Former ministers Rafidah Aziz and Azalina Othman Said have expressed shock and anger at reports stating period spot checks are a common practice, particularly in boarding schools.
“That is totally disgusting and a violation of a person’s privacy. No religion gives such permission.
“The Education Ministry must act to put a stop to this nonsense and lay out clear ground rules on how schools including boarding schools treat students,” Rafidah told Malaysiakini.
She said there was absolutely no excuse for anyone to invade another person’s privacy in such a manner, no matter what the reason.
“We should not allow the schooling environment to evolve into a dictatorial one, with policing like measures, beyond what is expected,” said Rafidah who served as a cabinet minister from 1980 to 2008.
Dewan Rakyat deputy speaker Azalina was no less reticent saying it was pure harassment.
“This is moral and religious policing that oversteps the basic human right to dignity.
“It’s a violation and pure harassment. I’d be traumatised for life,” said the Pengerang MP.
Today, Malaysiakini reported that in multiple schools in Malaysia girls have to undergo “period spot checks” where they are told to physically prove they are on their period through means which violate privacy.
This is according to current students and those who left school up to 20 years ago.
The measures include showing their blood-soaked sanitary pads, doing swabs of their vagina with either cotton buds, tissues, or their fingers, or having a teacher, warden or school prefect pat them down at the groin to feel if they are wearing a sanitary pad, they said.
Over a dozen individuals reached out to Malaysiakini in less than 24 hours after a call for stories was made. They recalled how the behaviour towards menstruation at boarding schools was “shameful” but was accepted as “normal practice”.
A key trigger was the practice of teachers or seniors demanding “proof of menstruation” from girls who did not join daily congregational prayers which are commonly held in residential or religious-based schools.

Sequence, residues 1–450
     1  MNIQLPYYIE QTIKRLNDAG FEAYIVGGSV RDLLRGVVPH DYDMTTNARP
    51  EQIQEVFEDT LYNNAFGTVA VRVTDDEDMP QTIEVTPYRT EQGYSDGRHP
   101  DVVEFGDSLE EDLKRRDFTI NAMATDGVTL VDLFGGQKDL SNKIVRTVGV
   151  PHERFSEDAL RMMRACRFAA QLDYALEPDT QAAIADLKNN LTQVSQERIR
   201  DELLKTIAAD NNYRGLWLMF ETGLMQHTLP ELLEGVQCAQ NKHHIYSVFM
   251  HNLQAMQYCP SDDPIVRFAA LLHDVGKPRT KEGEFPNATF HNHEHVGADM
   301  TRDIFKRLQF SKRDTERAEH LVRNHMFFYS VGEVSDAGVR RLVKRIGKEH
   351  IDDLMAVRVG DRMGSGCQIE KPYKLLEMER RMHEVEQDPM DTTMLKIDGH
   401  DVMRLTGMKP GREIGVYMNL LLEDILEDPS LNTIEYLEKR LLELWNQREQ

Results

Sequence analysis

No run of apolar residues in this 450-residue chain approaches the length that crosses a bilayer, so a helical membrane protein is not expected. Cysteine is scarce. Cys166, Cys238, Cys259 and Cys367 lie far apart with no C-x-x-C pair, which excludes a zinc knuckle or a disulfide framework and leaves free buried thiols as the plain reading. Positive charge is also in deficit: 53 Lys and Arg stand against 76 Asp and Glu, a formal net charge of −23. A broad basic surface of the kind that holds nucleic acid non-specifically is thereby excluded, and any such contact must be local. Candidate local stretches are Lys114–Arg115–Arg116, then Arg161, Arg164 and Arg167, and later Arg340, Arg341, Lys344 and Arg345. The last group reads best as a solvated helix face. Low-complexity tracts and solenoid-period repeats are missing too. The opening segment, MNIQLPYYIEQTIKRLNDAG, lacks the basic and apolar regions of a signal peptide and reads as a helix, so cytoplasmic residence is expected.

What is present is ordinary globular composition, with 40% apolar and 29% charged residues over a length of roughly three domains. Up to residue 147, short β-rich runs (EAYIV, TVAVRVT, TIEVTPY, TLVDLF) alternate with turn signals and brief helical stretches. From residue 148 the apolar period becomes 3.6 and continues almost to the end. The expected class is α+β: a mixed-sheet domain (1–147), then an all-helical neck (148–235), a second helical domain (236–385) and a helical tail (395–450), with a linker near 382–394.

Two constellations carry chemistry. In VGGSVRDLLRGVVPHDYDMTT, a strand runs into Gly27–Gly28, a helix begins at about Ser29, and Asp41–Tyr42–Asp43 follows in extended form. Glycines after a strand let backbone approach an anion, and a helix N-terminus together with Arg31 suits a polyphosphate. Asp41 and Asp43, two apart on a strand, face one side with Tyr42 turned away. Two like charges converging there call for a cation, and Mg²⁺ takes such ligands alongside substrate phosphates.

In Islam, women or girls who are menstruating do not perform ritual prayers.
Rafidah added that the policy appeared to be a discriminatory one.
“This smacks of discrimination when female students are the targets.
“Parents must be proactive, as groups, to monitor such transgressions, and put a stop to it,” she said.
Penang mufti Wan Salim Wan Mohd Noor earlier told Malaysiakini that no one should embarrass another by checking the private parts of the individual for any reason because everyone has self-dignity that must be respected by others, including the right to cover the private parts of their body from being seen by others.
“Islam strictly forbids its followers from looking at other people’s aurat, even on the pretext of performing the required duties such as to prevent a female student from making excuses to abandon the obligation of prayer,” Wan Salim had said.
The practice was also condemned in a joint statement by the All Women’s Action Society (Awam), Sisters In Islam (SIS) and Pertubuhan Pembangunan Kendiri Wanita dan Gadis (Women:Girls).
Meanwhile, Deputy Education Minister Muslimin Yahaya said he still had not received any information on the matter and as such, was reserving his comments.
“I have not been informed yet, I will issue a statement when I receive the report. Thank you, ” he told Malaysiakini today.